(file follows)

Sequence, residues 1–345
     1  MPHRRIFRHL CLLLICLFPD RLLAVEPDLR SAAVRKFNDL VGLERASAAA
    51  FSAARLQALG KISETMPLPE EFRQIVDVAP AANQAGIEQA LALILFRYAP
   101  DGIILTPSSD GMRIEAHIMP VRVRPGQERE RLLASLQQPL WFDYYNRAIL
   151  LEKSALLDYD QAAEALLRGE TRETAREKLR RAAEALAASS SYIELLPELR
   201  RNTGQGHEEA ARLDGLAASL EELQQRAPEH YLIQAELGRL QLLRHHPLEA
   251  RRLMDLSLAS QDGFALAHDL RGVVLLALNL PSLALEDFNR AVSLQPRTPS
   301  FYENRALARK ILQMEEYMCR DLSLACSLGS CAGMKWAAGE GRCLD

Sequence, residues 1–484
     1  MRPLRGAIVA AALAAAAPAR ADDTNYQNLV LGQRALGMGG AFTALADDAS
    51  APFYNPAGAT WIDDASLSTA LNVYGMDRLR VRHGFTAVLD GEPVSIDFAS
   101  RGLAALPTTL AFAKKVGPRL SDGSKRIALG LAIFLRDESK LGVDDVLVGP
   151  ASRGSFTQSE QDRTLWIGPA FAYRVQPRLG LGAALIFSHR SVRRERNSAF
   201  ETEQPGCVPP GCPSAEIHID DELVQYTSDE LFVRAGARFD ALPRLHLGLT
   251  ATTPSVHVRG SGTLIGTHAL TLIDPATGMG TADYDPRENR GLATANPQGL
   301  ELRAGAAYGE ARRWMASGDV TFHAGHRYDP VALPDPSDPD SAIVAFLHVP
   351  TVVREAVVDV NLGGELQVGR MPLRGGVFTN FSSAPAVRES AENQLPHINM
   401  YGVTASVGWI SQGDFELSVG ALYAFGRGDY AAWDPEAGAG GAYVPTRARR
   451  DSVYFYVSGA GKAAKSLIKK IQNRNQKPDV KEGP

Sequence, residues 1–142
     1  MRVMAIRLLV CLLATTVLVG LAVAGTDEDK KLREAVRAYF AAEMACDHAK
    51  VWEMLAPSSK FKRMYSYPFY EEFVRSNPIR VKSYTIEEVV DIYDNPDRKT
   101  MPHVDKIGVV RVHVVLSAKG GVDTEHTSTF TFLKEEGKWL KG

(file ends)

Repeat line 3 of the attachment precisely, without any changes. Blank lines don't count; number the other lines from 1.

    51  FSAARLQALG KISETMPLPE EFRQIVDVAP AANQAGIEQA LALILFRYAP